Giving History a Voice
Expect to be impressed when you meet a Marine, but when that Marine is a 95-year-old Pearl Harbor survivor who challenges you to a pull-up contest, prepare to be blown away.
This is one of many things Clemson University student Will Hines of Spartanburg has learned in conducting the Veterans Project, an ongoing undergraduate research project to collect and preserve the personal accounts of American war veterans so that future generations can hear those stories directly from the men and women who lived them.
Former Marine Staff Sgt. Robert A. Henderson’s story begins in Hawaii on the morning of Dec. 7, 1941, as a plane with a perplexing paint job thunders overhead “close enough that I could have thrown a rock and hit it” toward a row of U.S. Navy ships docked in the harbor, he said.
He thought it was part of a drill until the plane dipped and released a torpedo. The violent chaos in the two hours that followed would define much of the 20th century.
Henderson, relaxed in a comfortable chair in his Spartanburg living room, described in gripping detail the many months of combat he experienced, culminating in the Battle of Okinawa.
“I was in the first and last battles of the war,” he said.
Hines videotapes every word. One copy will go to Henderson and his family and one copy will go to the Library of Congress to be preserved forever.
When asked how he stays so healthy at 95. Henderson takes Hines out to his garage to show off his home gym where he exercises three times a week. He demonstrates by doing 12 pull-ups without breaking a sweat and dares Hines to match him.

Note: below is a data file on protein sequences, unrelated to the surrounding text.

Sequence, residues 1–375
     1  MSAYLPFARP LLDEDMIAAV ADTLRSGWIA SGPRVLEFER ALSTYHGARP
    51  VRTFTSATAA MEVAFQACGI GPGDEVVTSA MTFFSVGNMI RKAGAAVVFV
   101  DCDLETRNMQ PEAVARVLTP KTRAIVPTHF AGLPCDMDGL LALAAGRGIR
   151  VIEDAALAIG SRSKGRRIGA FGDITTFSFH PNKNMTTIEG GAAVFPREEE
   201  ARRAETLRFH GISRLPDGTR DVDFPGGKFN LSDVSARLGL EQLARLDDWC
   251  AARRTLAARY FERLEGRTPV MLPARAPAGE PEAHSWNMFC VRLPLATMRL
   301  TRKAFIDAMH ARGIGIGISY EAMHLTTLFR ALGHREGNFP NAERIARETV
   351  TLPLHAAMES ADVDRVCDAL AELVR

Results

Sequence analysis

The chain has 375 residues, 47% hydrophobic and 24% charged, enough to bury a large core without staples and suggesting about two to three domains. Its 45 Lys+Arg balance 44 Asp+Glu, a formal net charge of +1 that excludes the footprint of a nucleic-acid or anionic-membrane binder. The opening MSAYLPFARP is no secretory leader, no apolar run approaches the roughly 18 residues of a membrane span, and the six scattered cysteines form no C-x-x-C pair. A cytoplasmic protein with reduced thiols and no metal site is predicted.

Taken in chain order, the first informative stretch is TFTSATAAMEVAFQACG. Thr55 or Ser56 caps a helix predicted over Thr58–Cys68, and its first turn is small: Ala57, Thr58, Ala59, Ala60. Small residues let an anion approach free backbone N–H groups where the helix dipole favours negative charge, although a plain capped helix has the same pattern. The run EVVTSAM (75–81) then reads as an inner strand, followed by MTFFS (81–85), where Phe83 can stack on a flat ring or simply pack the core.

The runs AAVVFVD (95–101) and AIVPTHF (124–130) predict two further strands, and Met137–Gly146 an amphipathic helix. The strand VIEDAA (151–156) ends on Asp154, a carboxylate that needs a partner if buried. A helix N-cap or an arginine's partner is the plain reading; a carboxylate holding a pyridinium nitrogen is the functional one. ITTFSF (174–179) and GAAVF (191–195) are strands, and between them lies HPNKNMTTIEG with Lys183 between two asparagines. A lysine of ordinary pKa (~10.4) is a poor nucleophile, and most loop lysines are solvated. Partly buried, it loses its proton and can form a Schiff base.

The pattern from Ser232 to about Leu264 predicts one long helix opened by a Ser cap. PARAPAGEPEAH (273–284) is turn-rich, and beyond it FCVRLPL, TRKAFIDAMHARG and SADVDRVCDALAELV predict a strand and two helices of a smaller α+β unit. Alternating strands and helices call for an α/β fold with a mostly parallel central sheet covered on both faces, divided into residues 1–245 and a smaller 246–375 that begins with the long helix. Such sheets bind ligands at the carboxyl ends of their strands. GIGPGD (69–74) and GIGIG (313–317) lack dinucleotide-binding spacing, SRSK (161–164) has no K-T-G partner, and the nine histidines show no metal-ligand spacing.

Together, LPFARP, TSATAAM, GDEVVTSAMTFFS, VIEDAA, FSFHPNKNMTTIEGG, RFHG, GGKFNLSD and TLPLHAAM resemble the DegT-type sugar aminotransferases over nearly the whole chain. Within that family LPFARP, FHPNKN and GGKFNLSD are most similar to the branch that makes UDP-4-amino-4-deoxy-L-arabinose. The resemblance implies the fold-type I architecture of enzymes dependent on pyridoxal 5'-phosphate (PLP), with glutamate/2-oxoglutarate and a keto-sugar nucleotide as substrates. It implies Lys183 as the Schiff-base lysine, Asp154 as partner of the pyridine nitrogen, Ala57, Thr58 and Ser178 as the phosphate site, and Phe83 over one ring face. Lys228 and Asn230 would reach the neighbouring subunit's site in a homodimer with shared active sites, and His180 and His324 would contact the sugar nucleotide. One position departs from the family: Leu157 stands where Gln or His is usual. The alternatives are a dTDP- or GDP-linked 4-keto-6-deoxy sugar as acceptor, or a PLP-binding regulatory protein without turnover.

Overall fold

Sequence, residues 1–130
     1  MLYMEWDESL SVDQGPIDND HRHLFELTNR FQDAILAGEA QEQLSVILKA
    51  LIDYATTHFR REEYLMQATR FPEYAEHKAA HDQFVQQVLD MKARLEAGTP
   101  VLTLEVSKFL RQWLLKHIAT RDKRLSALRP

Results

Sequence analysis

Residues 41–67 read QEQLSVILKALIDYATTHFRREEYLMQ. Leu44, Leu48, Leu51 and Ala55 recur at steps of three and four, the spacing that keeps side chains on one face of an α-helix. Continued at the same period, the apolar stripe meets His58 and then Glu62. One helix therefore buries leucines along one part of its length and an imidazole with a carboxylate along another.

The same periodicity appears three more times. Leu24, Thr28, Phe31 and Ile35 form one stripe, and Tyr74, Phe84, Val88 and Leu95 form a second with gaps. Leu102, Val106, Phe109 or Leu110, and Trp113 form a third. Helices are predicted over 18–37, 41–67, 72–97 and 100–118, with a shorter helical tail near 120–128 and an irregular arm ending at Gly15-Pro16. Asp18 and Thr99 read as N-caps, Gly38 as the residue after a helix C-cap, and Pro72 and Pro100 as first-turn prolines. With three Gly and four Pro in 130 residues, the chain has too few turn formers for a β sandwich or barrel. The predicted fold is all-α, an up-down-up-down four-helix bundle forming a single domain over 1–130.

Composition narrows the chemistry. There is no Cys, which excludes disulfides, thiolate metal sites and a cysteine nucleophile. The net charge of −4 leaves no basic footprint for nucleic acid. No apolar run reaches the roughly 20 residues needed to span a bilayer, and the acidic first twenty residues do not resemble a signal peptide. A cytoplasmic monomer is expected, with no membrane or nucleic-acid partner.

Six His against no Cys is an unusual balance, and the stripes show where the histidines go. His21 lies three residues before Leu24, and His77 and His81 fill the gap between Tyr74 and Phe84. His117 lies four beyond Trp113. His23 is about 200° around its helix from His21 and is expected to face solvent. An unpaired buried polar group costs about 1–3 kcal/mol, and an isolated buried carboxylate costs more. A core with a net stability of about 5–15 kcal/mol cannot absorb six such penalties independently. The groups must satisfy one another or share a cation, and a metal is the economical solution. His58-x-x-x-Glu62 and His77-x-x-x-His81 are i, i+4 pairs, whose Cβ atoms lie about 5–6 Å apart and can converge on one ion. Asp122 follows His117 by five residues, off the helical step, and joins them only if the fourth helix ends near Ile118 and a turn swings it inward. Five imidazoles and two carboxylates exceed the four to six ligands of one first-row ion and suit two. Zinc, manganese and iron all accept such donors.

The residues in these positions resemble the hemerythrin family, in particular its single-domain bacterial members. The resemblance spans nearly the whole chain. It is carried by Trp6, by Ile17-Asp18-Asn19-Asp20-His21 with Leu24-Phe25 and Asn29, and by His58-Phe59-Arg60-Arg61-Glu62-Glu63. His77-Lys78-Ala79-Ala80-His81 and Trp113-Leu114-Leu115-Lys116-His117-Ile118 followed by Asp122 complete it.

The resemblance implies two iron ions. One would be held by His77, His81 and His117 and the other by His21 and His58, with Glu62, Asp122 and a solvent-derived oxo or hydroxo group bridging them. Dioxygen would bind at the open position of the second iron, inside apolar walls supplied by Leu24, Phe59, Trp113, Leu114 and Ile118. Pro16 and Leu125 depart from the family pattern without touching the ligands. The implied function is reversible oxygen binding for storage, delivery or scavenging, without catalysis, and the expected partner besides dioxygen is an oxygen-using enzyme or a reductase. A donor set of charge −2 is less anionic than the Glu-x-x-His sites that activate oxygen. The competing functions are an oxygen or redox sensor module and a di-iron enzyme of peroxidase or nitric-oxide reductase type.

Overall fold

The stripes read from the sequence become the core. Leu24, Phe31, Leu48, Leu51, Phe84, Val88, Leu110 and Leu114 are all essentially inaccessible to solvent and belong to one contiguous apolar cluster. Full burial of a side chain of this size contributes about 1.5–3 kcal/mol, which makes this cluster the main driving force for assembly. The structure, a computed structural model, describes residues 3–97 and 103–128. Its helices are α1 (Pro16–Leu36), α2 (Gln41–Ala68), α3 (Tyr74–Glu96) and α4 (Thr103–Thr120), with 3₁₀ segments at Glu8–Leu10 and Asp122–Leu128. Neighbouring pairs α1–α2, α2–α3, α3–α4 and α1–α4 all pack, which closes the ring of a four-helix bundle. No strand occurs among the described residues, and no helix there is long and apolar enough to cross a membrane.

Interactions with truly amazing veterans like this are just some of the fringe benefits students who participate in the project enjoy. The Veterans Project is an example of community-engaged learning at Clemson, which has a military history dating back to its founding in 1889.
Hines, a junior business management major from Spartanburg, became involved in the project because of his lifelong fascination with history.
“I’ve been interested in veterans since I was little. I met my great uncle when I was about 7 years old. I found out he landed on five islands in the Pacific and I asked him a ton of questions,” he explained. “I was able to interview him in high school – for fun, not for anything specific – which helped me become closer to him. He was wounded twice: once on Okinawa from a grenade rolled down a mountain. Meeting him really influenced how I became interested in studying the history of America’ s conflicts.
Video by: Sarah Mallare